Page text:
]]>The operator Schmidt rank is the minimum number of terms required to express a state as a sum of elementary tensor factors. Here we provide a new proof of the fact that any bipartite mixed state with operator Schmidt rank two is separable, and can be written as a sum of two positive semidefinite matrices per site. Our proof uses results from the theory of free spectrahedra and operator systems, and illustrates the use of a connection between decompositions of quantum states and decompositions of nonnegative matrices. In the multipartite case, we prove that any Hermitian Matrix Product Density Operator (MPDO) of bond dimension two is separable, and can be written as a sum of at most four positive semidefinite matrices per site. This implies that these states can only contain classical correlations, and very few of them, as measured by the entanglement of purification. In contrast, MPDOs of bond dimension three can contain an unbounded amount of classical correlations.

]]>In Newtonian mechanics, any closed-system dynamics of a composite system in a microstate will leave all its individual subsystems in distinct microstates, however this fails dramatically in quantum mechanics due to the existence of quantum entanglement. Here we introduce the notion of a `coherent work process', and show that it is the direct extension of a work process in classical mechanics into quantum theory. This leads to the notion of `decomposable' and `non-decomposable' quantum coherence and gives a new perspective on recent results in the theory of asymmetry as well as early analysis in the theory of classical random variables. Within the context of recent fluctuation relations, originally framed in terms of quantum channels, we show that coherent work processes play the same role as their classical counterparts, and so provide a simple physical primitive for quantum coherence in such systems. We also introduce a pure state effective potential as a tool with which to analyze the coherent component of these fluctuation relations, and which leads to a notion of temperature-dependent mean coherence, provides connections with multi-partite entanglement, and gives a hierarchy of quantum corrections to the classical Crooks relation in powers of inverse temperature.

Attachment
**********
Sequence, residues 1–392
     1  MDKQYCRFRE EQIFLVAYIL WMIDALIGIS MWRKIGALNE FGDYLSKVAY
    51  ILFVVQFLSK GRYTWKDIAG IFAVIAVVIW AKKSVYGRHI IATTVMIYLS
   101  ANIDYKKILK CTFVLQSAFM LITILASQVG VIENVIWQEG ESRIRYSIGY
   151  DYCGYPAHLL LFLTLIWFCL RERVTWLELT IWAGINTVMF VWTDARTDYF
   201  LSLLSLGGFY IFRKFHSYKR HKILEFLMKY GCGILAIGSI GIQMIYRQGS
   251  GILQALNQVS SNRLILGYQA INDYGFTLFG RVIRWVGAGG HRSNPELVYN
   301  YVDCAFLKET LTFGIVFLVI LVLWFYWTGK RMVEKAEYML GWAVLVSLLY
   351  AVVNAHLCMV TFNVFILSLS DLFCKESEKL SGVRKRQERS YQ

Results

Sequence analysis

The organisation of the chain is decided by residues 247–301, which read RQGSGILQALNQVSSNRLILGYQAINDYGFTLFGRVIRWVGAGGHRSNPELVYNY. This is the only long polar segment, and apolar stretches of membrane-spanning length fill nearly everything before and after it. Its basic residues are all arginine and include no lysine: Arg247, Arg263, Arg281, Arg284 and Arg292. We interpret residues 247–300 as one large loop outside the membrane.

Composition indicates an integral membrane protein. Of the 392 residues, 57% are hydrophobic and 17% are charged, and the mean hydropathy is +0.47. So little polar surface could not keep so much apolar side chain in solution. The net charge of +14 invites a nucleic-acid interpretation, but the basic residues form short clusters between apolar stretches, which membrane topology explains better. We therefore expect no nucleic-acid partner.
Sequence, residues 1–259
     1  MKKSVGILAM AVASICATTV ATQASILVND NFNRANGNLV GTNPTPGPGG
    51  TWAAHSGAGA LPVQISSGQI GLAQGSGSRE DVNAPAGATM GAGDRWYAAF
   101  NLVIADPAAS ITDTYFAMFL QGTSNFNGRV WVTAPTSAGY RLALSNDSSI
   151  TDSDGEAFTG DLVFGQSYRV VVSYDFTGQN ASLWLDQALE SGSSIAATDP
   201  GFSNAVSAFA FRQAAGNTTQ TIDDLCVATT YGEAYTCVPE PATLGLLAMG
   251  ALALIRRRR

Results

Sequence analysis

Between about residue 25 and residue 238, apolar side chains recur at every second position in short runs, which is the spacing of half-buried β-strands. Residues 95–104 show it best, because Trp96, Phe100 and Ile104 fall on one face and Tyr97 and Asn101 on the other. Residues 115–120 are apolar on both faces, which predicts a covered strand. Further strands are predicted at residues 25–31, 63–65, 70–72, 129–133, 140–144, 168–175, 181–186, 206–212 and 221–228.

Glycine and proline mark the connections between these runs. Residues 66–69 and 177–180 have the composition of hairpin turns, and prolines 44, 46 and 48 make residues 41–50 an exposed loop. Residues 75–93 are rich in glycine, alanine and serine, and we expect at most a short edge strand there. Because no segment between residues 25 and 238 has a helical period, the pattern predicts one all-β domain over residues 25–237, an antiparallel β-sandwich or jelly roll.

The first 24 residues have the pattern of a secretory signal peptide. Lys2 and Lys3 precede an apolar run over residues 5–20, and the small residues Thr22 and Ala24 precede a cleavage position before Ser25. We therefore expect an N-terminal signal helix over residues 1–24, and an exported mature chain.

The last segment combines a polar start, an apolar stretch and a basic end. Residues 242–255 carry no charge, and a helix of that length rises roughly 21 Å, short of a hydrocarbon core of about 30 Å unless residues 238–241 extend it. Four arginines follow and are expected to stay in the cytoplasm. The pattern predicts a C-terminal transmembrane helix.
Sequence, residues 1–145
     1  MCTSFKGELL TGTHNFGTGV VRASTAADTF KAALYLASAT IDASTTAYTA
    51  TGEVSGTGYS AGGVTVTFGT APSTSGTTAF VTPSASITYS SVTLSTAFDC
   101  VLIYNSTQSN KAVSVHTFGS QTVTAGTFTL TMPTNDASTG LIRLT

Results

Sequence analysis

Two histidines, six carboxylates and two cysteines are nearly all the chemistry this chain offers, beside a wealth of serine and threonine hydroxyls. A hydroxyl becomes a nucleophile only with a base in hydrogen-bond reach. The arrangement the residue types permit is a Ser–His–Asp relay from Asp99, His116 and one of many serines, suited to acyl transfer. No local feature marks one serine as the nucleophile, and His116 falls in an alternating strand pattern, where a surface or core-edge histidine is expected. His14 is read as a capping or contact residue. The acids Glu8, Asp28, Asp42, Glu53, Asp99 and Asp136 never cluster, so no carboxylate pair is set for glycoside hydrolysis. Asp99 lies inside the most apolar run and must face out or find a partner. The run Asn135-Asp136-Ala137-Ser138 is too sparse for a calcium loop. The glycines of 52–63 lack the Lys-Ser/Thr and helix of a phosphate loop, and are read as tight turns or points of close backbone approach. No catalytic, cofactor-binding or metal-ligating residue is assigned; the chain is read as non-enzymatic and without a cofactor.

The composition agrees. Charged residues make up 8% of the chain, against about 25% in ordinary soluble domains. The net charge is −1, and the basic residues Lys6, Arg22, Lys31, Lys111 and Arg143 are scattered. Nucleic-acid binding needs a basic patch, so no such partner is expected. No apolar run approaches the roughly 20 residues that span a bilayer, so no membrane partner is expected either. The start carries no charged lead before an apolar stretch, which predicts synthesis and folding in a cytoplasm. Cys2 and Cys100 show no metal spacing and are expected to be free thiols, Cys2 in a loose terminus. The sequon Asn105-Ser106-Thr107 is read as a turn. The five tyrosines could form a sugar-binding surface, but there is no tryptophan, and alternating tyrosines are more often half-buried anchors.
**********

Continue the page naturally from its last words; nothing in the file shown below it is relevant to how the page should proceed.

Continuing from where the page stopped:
]]>In Newtonian mechanics, any closed-system dynamics of a composite system in a microstate will leave all its individual subsystems in distinct microstates, however this fails dramatically in quantum mechanics due to the existence of quantum entanglement. Here we introduce the notion of a `coherent work process', and show that it is the direct extension of a work process in classical mechanics into quantum theory. This leads to the notion of `decomposable' and `non-decomposable' quantum coherence and gives a new perspective on recent results in the theory of asymmetry as well as early analysis in the theory of classical random variables. Within the context of recent fluctuation relations, originally framed in terms of quantum channels, we show that coherent work processes play the same role as their classical counterparts, and so provide a simple physical primitive for quantum coherence in such systems. We also introduce a pure state effective potential as a tool with which to analyze the coherent component of these fluctuation relations, and which leads to a notion of temperature-dependent mean coherence, provides connections with multi-partite entanglement, and gives a hierarchy of quantum corrections to the classical Crooks relation in powers of inverse temperature.

]]>We consider classical and quantum algorithms which have a duality property: roughly, either the algorithm provides some nontrivial improvement over random or there exist many solutions which are significantly worse than random. This enables one to give guarantees that the algorithm will find such a nontrivial improvement: if few solutions exist which are much worse than random, then a nontrivial improvement is guaranteed. The quantum algorithm is based on a sudden $quench$ of a Hamiltonian; while the algorithm is general, we analyze it in the specific context of MAX-$K$-LIN$2$, for both even and odd $K$. The classical algorithm is a ``dequantization of this algorithm", obtaining the same guarantee (indeed, some results which are only conjectured in the quantum case can be proven here); however, the quantum point of view helps in analyzing the performance of the classical algorithm and might in some cases perform better.

]]>We consider classical and quantum algorithms which have a duality property: roughly, either the algorithm provides some nontrivial improvement over random or there exist many solutions which are significantly worse than random. This enables one to give guarantees that the algorithm will find such a nontrivial improvement: if few solutions exist which are much worse than random, then a nontrivial improvement is guaranteed. The quantum algorithm is based on a sudden $quench$ of a Hamiltonian; while the algorithm is general, we analyze it in the specific context of MAX-$K$-LIN$2$, for both even and odd $K$. The classical algorithm is a ``dequantization of this algorithm", obtaining the same guarantee (indeed, some results which are only conjectured in the quantum case can be proven here); however, the quantum point of view helps in analyzing the performance of the classical algorithm and might in some cases perform better.